• Support and practice decoding and encoding words letter by letter and part by part, including high frequency words
  • Meaning/context used to confirm decoding attempts
  • Spelling and phonics instruction are integrated

Avoid

  • Multiple strategies taught for word recognition
  • Meaning/context used in place of decoding
  • “Sight word” flashcards
  • Spelling words that are much harder than phonics words
  • Teaching nonsense words
  • Limited opportunities to practice in text or writing

 

Learn more about phonics and spelling instruction. [02:30]

 

Multisyllabic Decoding Instruction

It is important to introduce students to multisyllabic decoding instruction, including prefixes and suffixes, starting as early as first grade.

Let's review: 

  • Multisyllabic wordswords that have more than one syllable, or vowel sound.
  • Morphology: the study of words and their parts
  • Morpheme: smallest units of meaning, like prefixes and suffixes

 Look for curriculums and materials that:

Prioritize

  • Morphological instruction, particularly derivational suffixes(-tion, -ity)
  • Support for decoding new long words in text
  • Integrates decoding and vocabulary strategies

Avoid

  • Slow instructional pace 
  • Focus on syllabication rules rather than decoding
  • Not enough morphology
  • No connection to vocabulary

 

Learn more about multisyllabic decoding instruction. [01:38]

 

High-Quality Texts to Support Literacy Instruction

Authentic and culturally relevant high-quality texts that align with instruction significantly impact reading achievement. In other words,the texts students practice with make a difference.

Look for curriculums and materials that:

Prioritize

  • Texts that align to instruction 
  • Texts that feature diverse characters and culturally relevant and familiar settings and stories
  • Informational texts included in instruction
  • A large volume of texts to practice with
 Avoid
  • Texts leveled by numbers or letters
  • Grouping or labeling kids by text level
  • Expectations for independent reading in kindergarten or first grade
  • Separate phonics instruction and reading practice

 

What makes Just Right Reader Decodables special?

With engagingClassroom Libraries andTake-Home Decodable Packs, students have many opportunities to practice their decoding skills in an authentic reading experience, which allows them to become stronger readers.

Just Right Reader Decodables

Our Decodables feature:

  • An extensive library of 700+ titles 
  • Engaging and relatable stories withdiverse characters and vibrant illustrations that motivate students to keep reading
  • Research-based, rigorous phonics scope and sequence that aligns to all phonics programs and curriculums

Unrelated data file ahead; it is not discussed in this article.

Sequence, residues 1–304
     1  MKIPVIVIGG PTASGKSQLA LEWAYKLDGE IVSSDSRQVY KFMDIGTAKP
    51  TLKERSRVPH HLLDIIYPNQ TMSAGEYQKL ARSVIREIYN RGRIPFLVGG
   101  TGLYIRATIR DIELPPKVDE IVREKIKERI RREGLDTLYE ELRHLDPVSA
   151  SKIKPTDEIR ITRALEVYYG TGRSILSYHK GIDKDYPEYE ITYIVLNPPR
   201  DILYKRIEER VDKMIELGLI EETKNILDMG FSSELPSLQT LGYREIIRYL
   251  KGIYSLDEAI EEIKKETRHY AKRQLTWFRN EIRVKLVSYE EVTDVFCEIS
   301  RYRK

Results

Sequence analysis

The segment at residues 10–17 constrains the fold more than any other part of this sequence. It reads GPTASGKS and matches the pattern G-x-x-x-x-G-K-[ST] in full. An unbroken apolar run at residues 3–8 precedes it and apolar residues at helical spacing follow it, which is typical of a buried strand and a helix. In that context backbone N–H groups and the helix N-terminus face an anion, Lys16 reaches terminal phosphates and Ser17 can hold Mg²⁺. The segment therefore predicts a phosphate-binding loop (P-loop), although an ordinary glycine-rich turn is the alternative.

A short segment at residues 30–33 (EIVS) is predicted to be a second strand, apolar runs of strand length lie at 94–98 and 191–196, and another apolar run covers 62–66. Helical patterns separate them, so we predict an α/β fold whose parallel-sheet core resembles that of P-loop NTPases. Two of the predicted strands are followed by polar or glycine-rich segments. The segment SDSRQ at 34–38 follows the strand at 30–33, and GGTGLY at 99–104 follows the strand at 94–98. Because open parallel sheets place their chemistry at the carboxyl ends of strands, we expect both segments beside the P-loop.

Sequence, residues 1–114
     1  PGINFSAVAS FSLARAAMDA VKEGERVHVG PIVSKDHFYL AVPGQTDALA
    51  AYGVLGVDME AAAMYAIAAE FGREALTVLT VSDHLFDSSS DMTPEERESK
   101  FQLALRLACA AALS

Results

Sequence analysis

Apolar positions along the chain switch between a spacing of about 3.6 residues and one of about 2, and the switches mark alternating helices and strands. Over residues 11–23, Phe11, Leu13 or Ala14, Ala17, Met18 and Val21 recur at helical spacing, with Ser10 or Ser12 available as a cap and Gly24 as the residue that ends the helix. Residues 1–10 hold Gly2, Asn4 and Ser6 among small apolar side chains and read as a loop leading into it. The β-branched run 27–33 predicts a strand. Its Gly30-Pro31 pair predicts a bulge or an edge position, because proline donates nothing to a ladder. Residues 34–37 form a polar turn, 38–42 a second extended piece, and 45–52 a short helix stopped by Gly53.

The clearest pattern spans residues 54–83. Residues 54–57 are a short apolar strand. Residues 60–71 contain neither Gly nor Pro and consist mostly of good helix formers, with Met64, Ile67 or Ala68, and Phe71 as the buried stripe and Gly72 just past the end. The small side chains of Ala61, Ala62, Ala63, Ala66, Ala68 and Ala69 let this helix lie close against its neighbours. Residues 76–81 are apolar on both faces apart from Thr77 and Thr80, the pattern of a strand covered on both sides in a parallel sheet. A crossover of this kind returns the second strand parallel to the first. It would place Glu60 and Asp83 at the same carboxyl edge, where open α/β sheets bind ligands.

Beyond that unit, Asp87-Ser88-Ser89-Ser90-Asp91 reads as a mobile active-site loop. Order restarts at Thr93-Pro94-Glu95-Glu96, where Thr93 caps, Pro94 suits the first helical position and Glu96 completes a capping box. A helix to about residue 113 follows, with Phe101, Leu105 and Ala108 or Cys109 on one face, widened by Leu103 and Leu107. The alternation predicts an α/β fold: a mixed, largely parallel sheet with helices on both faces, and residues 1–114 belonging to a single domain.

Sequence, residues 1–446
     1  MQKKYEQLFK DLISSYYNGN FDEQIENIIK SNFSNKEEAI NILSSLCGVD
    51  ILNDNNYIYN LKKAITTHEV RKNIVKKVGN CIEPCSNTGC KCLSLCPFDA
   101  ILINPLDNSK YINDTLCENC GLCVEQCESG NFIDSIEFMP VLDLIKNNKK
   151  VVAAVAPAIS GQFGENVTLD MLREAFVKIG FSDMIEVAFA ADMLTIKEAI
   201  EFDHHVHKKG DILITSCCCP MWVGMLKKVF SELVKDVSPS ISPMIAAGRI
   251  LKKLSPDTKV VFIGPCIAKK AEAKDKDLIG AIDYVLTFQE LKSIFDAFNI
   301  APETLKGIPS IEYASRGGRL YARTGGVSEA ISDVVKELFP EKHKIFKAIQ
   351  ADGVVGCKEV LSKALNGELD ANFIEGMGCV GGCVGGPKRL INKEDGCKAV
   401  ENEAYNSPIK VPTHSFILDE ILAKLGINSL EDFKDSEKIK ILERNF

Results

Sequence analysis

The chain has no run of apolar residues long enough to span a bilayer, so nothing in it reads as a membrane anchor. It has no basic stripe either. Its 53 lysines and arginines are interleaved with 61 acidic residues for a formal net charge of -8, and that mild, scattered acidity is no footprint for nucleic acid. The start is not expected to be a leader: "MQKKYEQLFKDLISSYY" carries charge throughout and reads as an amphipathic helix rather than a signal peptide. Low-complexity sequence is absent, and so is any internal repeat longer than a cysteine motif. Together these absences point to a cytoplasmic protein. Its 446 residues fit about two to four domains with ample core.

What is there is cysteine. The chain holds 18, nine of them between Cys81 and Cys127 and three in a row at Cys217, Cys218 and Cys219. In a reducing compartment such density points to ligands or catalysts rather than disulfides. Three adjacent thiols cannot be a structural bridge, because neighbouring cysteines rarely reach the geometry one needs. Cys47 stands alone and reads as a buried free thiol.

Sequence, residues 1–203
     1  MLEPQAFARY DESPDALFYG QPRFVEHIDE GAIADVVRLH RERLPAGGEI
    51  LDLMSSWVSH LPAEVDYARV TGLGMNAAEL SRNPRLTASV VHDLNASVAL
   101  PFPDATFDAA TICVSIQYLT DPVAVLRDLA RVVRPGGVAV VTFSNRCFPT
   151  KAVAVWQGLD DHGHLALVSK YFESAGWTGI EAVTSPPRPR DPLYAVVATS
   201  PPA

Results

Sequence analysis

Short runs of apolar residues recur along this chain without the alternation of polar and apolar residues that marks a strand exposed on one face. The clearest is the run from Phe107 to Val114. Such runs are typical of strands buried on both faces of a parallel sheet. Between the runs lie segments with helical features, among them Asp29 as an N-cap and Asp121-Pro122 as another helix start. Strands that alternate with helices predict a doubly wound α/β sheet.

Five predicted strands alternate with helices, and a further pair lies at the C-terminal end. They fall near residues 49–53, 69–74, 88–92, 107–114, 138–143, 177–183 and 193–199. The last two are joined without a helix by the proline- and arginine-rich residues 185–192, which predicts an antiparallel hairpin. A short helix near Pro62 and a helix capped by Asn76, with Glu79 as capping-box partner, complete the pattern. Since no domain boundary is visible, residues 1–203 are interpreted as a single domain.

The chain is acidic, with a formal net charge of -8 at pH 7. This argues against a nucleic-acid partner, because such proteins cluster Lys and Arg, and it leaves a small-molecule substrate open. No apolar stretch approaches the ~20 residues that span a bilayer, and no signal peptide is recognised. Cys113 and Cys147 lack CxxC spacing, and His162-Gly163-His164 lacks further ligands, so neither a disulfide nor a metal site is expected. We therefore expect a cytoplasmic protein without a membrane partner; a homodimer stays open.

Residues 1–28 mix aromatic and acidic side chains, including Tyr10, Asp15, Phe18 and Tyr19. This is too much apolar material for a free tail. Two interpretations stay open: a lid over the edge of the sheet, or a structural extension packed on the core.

• QR codes that link tomemorable video lessons in English and Spanish
  • Personalized Take-Home Decodable Packs that extend phonics practice from school into homes


What tools are available for assessing reading programs and materials?

Dr. Torotelli recommends utilizing reputable rubrics to evaluate reading curriculum and materials to ensure they contain high-quality resources for effective structured literacy instruction. 

 Click here to watch the full symposium replay with Dr. Laura Tortorelli.

 

 

 

 

 

References 

     Chu, E., Clay, A., & McCarty, G. (2021). (rep.). Pandemic Learning Reveals the Value of High-Quality Instructional Materials to Educator-Family-Student Partnerships. Retrieved from https://cprl.law.columbia.edu/sites/default/files/content/Publications/CPRL_2021_Fundamental%204_Final.pdf. 

     Goldberg, M. (2016). Classroom Trends: Teachers as Buyers of Instructional Materials and Users of Technology. K-12 Market Advisors. Retrieved from:https://mdreducation.com/reports/classroom-trends-teachersbuyers-instructional-materials-users-technology/

 International Dyslexia Association. (2019).Structured Literacy: An introductory guide

     Steiner, D., Magee, J., & Jensen, B. (2018). (rep.). What we teach matters. How quality curriculum improves student outcomes. Retrieved from https://drive.google.com/file/d/1S67iToy0kHfOaya3QMvJaxyvRofb9Btd/view. 

  Dr. Tortorelli, Laura. Associate Professor at Michigan State University.
Symposium onThe Science of Teaching Reading: How Structured Literacy Can Empower All Students, March 8, 2024. 

     Young, Alanna Bjorklund. “High-Quality Curricula: A Cost-Effective Way to Increase Student Learning.” November 2018.https://edpolicy.education.jhu.edu/high-quality-curricula-a-cost-effective-way-to-increase-student-learning